5 Movies You Should See in Theaters Now

Rarely, if ever, have there been five movies in simultaneous release that I would enthusiastically recommend to anyone, even in the midst of the annual holiday slew of prestige Oscar hopefuls. This year is different.

The Wrestler

This is a rare film indeed. Written by former Onion scribe Robert Siegel, the script isn't at all what you'd expect from a comic genius: in Siegel's own words, it's "20% comedy, 80% darkness." Directed by hyperkinetic auteur Darren Aronofsky (Pi, Requiem for a Dream), it's an unusually restrained and naturalistic outing for a filmmaker known for quick cuts and visual tricks. The movie works on a curiously satisfying meta-narrative level that no one could've planned for, but worked out beautifully: it's the story of a washed-up professional wrestler called Randy "the Ram" Robinson, barely eking out a living 20 years after his prime, willing his body to continue taking punishment in the ring that it can no longer withstand because the ring is the only place the Ram feels like himself. In a bit of brilliant casting, the Ram is played by Mickey Rourke, himself a (formerly) washed-up actor, the conventional wisdom about whom is that he's 20 years past his prime, and who in the early 1990s quit acting to re-start an old career as a professional boxer. If Rouke doesn't look quite like he used to, well, neither does the Ram, and both of them have been hit in the face many, many times.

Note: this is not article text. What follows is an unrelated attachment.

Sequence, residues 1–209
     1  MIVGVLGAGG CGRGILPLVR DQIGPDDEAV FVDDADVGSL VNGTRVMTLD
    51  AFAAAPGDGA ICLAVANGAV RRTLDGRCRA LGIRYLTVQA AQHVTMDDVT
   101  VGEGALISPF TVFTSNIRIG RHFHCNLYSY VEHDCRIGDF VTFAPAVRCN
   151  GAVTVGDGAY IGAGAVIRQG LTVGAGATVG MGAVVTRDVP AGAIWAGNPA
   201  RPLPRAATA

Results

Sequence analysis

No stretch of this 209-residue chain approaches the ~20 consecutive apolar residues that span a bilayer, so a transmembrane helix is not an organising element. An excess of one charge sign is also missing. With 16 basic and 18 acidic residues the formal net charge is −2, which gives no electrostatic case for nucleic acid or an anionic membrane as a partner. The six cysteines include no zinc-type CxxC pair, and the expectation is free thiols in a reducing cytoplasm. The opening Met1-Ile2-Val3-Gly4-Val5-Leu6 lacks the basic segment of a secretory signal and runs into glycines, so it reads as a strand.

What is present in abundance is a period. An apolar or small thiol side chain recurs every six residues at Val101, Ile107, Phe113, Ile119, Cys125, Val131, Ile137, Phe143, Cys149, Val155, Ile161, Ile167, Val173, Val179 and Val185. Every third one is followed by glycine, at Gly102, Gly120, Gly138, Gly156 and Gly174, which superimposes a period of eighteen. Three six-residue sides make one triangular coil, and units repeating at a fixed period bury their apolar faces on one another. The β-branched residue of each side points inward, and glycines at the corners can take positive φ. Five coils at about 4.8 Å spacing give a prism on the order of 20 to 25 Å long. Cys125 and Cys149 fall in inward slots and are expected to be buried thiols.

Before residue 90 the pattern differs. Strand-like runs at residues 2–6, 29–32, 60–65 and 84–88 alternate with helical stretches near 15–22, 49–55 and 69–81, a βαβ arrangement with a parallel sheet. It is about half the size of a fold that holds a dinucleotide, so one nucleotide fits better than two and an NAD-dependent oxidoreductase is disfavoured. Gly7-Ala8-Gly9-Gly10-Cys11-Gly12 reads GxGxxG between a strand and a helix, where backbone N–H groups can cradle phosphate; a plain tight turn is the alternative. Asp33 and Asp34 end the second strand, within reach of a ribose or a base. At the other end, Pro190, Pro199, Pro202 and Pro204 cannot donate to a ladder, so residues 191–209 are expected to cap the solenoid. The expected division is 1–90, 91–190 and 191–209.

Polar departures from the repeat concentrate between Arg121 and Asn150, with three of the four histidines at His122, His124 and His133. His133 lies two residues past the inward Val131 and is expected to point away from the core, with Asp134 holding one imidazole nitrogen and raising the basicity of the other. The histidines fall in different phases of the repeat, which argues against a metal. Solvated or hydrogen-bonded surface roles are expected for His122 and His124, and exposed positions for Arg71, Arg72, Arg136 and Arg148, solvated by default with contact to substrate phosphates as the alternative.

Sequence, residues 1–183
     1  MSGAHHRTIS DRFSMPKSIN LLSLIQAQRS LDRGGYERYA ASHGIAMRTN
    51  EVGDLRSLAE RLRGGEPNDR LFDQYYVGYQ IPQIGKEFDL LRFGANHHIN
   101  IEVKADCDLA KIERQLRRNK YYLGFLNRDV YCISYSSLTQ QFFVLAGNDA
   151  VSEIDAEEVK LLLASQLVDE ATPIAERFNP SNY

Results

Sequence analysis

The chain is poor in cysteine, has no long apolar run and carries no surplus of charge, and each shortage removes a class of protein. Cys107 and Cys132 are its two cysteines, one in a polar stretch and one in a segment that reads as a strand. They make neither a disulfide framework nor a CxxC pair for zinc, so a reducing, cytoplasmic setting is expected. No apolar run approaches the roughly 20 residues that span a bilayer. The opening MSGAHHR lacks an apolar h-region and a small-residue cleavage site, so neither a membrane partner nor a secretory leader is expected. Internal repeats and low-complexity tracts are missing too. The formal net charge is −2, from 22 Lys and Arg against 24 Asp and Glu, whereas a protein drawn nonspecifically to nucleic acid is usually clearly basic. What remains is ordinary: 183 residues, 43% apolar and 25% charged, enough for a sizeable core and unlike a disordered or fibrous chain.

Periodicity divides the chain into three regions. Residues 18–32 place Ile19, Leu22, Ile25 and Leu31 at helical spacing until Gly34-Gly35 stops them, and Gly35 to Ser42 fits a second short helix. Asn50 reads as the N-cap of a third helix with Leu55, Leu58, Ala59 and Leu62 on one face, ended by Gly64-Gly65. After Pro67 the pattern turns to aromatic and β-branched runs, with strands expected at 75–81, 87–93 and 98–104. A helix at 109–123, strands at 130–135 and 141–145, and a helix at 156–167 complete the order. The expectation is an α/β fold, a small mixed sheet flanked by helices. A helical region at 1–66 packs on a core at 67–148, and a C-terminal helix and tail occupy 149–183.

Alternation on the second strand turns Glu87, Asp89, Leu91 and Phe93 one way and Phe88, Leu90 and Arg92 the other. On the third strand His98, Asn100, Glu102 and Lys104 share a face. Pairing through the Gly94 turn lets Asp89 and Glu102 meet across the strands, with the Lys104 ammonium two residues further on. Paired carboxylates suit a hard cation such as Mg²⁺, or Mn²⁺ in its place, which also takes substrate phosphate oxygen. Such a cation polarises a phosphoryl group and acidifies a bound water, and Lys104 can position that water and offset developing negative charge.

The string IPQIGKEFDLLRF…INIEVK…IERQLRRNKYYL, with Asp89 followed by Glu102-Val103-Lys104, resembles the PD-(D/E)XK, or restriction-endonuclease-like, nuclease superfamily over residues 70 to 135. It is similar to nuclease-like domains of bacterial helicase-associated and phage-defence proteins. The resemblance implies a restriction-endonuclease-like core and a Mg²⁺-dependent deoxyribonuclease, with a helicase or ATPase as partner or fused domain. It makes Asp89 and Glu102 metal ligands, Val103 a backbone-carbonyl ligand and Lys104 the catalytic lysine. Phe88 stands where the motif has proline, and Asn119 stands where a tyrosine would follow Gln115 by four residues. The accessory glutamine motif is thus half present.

It's my favorite film of the year. Check out the trailer. Bruce Springsteen doesn't write an original song for just any old movie.


I saw Doubt on Broadway. It was, and still is, the best play I've ever seen; critics agreed, showering it, and its star Cherry Jones, with Tony awards. (Fun fact: when Cherry came to Los Angeles, she stayed in the apartment across the hall from me. Besides being a great actress, she's an incredibly nice person.) When I heard they were making a movie of Doubt, I was skeptical that anyone, even Meryl Streep, could fill the shoes of Cherry's role the way she did. Also, filmed adaptations of theatrical productions are full of pitfalls, the most obvious one being that people sitting in a room talking for two hours tends not to be very cinematic. Though the film wasn't quite as good as the play, in my humble estimation, it was close enough; Streep's performance is powerful, if markedly different than Cherry's, and the unfancy direction doesn't get in the way of the fantastic writing. I wish there were clips of Cherry's performance on YouTube; instead, here's the trailer for the film: